In addition to analysing what I could win or lose as a candidate, I also had to analyse and determine how to approach the campaign as a whole. Entering into a presidential campaign did not differ much from entering into a new market as a newcomer. First my campaign team and I conducted a market analysis to see which ''products'' were on the market already, what were their strengths and shortcomings, and what the consumer, in this case the voter, wanted. After that, we decided how we were going to gain the attention of our consumers or clients. During this process, I realised that helping clients succeed (HCS) principles are universal and can be applied in business, politics, and even personal life.
Intent counts more than technique.
I had never taken part in the political scene before the my presidential campaign. But what I lacked in experience, I made up for by being passionate and dedicated. I had to establish the fact that I did not participate just to have a laugh. I came to win.
Let’s get real.
During the four months of the campaign, I had to make various decisions for which I had insufficient background information and/or limited time to make. In addition, there was no QMS to follow. I was guided by the principle that even a bad decision is better than being undecided. Freedom means the courage to make decisions, even if you risk being wrong. If something I tried failed—and believe me, it happened often—then the feedback to each other in the campaign team was straightforward and honest.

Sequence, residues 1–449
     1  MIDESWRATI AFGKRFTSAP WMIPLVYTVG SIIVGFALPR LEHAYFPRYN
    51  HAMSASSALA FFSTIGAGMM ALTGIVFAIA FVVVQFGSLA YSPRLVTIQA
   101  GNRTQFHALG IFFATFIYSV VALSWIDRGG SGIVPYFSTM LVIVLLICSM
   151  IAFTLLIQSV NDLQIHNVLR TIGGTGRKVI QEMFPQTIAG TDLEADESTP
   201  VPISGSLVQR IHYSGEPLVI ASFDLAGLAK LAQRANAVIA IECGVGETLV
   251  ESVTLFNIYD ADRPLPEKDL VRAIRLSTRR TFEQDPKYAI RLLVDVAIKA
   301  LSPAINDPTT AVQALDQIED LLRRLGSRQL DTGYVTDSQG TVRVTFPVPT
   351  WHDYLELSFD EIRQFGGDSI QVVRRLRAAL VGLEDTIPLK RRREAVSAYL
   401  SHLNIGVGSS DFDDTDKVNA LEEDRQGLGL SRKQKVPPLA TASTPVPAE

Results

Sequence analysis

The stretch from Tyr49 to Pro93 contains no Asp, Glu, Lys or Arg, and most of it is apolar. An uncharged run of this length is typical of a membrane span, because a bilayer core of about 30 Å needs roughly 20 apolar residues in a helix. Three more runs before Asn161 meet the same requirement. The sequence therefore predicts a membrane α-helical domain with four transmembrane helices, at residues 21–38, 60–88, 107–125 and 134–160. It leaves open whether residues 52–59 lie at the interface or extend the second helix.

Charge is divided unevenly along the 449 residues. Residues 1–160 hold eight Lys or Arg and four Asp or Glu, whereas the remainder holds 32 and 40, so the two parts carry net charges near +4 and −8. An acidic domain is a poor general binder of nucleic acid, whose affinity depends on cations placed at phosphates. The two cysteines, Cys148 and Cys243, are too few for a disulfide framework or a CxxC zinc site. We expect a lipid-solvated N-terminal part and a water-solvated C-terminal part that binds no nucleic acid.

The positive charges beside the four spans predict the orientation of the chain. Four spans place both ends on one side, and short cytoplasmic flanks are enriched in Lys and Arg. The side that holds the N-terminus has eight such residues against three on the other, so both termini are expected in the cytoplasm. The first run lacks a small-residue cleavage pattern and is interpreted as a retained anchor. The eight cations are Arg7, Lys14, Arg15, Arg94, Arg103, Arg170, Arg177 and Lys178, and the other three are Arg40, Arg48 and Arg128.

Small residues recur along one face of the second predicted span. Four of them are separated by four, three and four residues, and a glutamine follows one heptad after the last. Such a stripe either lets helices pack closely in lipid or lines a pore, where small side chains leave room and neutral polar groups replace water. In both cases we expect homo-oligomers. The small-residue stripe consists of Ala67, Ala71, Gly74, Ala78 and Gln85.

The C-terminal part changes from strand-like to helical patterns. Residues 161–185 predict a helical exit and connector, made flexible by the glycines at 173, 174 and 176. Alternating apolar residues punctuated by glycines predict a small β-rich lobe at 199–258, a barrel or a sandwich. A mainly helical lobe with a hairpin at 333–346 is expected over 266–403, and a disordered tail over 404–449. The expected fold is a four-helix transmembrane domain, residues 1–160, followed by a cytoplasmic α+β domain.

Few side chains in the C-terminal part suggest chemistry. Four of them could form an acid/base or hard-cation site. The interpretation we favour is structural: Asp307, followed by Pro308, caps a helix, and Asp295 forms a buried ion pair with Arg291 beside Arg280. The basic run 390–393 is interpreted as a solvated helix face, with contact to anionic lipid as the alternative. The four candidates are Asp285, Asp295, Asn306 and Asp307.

The President of Estonia is elected by a 335 member Electoral College, consisting of the members of the parliament and the representatives of local authority councils. All of these 335 ''clients'' were categorized in my Excel table with either red, yellow or green. The ones marked in red were the people who did not support me as a candidate. The green ones were the people who promised to stand by me. Therefore, we focused on the people marked with yellow.
During one of my meetings with a ''red client'', the person took me off guard, asking why I did not inquire whether they were willing to vote for me. I had been too cautious to ask. That was without reason, because I ended up gaining that person’s vote. Another important lesson learned – no guessing. Talk to people directly and do not be afraid to get a negative response.